Efforts south of the Canadian border also increased both awareness of the situation and demand for resolution. The U.S. Internal Revenue Service managed to force UBS AG, an international bank headquartered in Switzerland, to release the names of more than 4,400 account holders living in the States.
The resulting chill was felt in Canada. The financial impact was not. “The CRA … knows that it does not have the leverage that the IRS has, and this has been reflected in the relatively small amount of offshore money that has been disclosed,” said Sohmer. He estimates that there may be as much as $100 billion sitting in Canadian offshore accounts.
In 2009-2010, the CRA received 2,964 disclosures related to overseas income and assets, which enabled the agency to locate $ 594.6 million in previously unreported income.
As of August, the number of disclosures this year is 2,728. “We’re at the very early stages of processing of these disclosures … but we have thus far identified $38.3 million in previously unreported income,” said Workman.
“We have increased the number of field auditors assigned to do both regular international audit work and targeted projects involving offshore jurisdictions,” said Workman. “We have strengthened existing specialized audit groups to focus on aggressive international tax schemes, and enhanced our ability to target entities and individuals who are promoting or participating in abusive tax schemes.”
For the fiscal year 2007-2008, the extra tax identified as a result of this increased audit coverage was $475 million, close to three times the $174 million for 2005-2006. Another $738 million in extra tax was identified the next fiscal year thanks to the new auditors.
Offshore money can be very hard to locate. “There is a huge amount of money sitting offshore that the CRA would almost certainly never find on its own,” said Woodyard. “Its resources are limited. And despite the media hype about UBS and other banks, these cases were not a particularly rich source of disclosures. The number of offshore accounts actually detected as a result of these initiatives was quite low.”
Indeed, as of September 2009, only 61 voluntary disclosures had been received from Canadian clients of UBS AG. Propelling those numbers upward will require greater incentive for account holders to come forward. That reality is driving the CRA to move from the stick of getting caught to the carrot of voluntary disclosure.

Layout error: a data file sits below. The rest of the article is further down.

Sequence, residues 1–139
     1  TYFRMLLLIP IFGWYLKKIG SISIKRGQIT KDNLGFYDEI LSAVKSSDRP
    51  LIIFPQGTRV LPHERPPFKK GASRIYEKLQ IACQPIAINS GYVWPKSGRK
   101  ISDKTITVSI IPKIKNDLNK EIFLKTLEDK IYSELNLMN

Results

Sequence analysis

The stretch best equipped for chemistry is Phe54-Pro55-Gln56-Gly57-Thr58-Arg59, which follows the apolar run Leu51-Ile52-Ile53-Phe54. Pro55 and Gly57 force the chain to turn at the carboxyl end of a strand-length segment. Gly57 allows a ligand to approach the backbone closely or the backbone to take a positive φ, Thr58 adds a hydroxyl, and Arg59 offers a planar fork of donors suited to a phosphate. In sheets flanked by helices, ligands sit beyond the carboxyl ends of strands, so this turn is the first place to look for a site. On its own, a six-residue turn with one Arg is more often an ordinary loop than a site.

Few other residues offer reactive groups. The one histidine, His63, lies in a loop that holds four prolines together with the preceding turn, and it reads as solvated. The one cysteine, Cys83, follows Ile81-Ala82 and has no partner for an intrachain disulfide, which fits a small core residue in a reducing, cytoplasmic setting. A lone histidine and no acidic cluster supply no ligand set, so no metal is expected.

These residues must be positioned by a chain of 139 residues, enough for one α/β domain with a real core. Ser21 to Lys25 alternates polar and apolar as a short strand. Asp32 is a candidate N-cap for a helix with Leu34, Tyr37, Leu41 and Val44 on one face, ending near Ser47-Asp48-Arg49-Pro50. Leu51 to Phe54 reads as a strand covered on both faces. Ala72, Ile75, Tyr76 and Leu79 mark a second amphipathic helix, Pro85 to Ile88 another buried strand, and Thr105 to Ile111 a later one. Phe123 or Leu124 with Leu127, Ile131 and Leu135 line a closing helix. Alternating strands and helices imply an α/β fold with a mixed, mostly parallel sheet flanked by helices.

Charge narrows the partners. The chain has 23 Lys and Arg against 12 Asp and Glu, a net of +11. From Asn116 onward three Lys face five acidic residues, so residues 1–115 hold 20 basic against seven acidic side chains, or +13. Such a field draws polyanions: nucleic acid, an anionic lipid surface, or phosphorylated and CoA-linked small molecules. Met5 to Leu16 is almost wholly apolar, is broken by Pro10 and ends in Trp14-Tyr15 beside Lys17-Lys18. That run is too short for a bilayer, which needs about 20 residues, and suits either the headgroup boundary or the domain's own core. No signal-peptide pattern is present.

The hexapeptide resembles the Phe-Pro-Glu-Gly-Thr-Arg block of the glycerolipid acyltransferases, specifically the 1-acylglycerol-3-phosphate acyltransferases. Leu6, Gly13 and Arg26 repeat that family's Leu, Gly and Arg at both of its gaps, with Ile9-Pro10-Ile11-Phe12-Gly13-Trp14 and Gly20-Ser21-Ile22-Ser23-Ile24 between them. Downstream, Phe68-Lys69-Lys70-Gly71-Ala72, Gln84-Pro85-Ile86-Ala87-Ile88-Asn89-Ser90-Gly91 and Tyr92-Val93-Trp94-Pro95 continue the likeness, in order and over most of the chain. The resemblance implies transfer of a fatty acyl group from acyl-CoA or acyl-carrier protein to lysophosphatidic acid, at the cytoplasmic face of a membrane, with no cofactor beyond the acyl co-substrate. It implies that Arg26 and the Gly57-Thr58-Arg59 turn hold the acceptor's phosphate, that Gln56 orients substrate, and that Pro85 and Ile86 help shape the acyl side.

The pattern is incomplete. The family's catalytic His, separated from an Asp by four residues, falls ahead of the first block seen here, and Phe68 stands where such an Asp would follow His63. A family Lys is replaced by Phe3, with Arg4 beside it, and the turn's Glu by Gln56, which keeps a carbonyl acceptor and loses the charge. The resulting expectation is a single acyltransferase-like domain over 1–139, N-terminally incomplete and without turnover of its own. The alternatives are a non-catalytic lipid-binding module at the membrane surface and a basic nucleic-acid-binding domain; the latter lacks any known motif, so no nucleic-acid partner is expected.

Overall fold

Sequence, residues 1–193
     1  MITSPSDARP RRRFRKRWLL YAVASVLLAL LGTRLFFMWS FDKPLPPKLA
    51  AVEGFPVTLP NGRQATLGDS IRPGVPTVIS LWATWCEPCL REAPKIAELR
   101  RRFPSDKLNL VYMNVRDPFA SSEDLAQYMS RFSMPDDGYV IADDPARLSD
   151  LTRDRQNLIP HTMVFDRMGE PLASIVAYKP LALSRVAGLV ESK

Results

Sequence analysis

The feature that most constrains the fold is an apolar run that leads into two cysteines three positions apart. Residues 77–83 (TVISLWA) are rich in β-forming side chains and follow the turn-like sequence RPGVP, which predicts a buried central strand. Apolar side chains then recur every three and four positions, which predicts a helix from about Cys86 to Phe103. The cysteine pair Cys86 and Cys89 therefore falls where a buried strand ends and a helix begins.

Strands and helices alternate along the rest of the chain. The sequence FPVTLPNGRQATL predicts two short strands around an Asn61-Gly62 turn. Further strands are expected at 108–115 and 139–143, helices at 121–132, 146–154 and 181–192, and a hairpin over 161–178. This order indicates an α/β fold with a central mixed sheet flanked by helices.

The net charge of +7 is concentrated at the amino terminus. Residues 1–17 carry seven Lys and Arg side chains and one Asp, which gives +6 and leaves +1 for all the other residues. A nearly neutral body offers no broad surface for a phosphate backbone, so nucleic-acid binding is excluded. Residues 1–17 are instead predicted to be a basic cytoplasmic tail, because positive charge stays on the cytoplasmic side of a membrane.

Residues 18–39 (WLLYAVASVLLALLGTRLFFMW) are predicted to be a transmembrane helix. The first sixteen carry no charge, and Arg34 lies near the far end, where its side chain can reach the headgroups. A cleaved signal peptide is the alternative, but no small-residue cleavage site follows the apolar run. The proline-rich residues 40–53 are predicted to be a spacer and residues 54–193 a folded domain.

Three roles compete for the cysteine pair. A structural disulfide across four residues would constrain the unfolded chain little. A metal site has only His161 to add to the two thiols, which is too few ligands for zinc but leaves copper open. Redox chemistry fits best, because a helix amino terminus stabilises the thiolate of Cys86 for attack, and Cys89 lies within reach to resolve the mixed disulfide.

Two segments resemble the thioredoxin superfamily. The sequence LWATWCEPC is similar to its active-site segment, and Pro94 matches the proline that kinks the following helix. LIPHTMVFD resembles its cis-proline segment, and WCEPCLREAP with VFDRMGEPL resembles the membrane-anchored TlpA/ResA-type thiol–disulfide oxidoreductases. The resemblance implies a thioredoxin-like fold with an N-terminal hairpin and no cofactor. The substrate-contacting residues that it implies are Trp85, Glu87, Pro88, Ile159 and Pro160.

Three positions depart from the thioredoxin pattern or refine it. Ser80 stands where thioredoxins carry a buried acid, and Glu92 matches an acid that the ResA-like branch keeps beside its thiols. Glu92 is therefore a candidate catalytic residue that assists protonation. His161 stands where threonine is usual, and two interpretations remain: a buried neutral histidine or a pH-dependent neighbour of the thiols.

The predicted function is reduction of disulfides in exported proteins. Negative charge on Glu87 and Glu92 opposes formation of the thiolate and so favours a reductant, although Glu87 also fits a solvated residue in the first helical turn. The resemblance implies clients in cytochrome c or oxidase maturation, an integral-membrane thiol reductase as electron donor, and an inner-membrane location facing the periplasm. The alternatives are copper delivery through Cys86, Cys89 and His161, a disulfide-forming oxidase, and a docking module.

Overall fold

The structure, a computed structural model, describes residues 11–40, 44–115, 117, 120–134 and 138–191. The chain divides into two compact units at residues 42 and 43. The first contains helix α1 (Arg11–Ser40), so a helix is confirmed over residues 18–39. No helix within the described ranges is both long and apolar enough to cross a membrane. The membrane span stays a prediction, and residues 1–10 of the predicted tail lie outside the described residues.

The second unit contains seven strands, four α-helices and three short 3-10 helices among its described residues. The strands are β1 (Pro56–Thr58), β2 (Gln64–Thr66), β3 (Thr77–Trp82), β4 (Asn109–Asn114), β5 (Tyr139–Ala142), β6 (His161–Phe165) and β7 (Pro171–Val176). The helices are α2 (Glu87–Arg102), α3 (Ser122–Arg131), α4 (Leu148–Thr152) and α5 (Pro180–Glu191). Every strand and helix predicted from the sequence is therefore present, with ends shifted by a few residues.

“The result is that there will be a much larger amount of money collected by the CRA than the Canadian government otherwise would have received, and of course, the income generated by these accounts in the future will now be brought into Canada’s tax net,” said Woodyard.
“Accountants will play a very significant role in the process,” said Woodyard. “Even if they do not participate in the initial disclosure, which in many cases is handled by lawyers, their expertise will be needed to calculate the tax payable and prepare T1 adjustment requests, schedules three and four, and any other filings that may be necessary to report the previously undisclosed income.
“The CRA generally insists that all filings be brought up to date before a disclosure is considered complete,” she added. “The calculation of capital gains can be a rather involved process if the taxpayer actively traded in the offshore account, and of course, currency conversion issues must be addressed, so it is reasonable to expect that many taxpayers will need professional help.”
“Aggressive international tax planning is an issue for tax administrations around the world,” said Workman. “However, the current global movement towards fiscal transparency, which includes a constant increase in the amount of information tax administrations share with each other, means that the world is getting smaller.
“It’s only a matter of time,” she stressed, “before the CRA will identify Canadians that hide funds offshore.”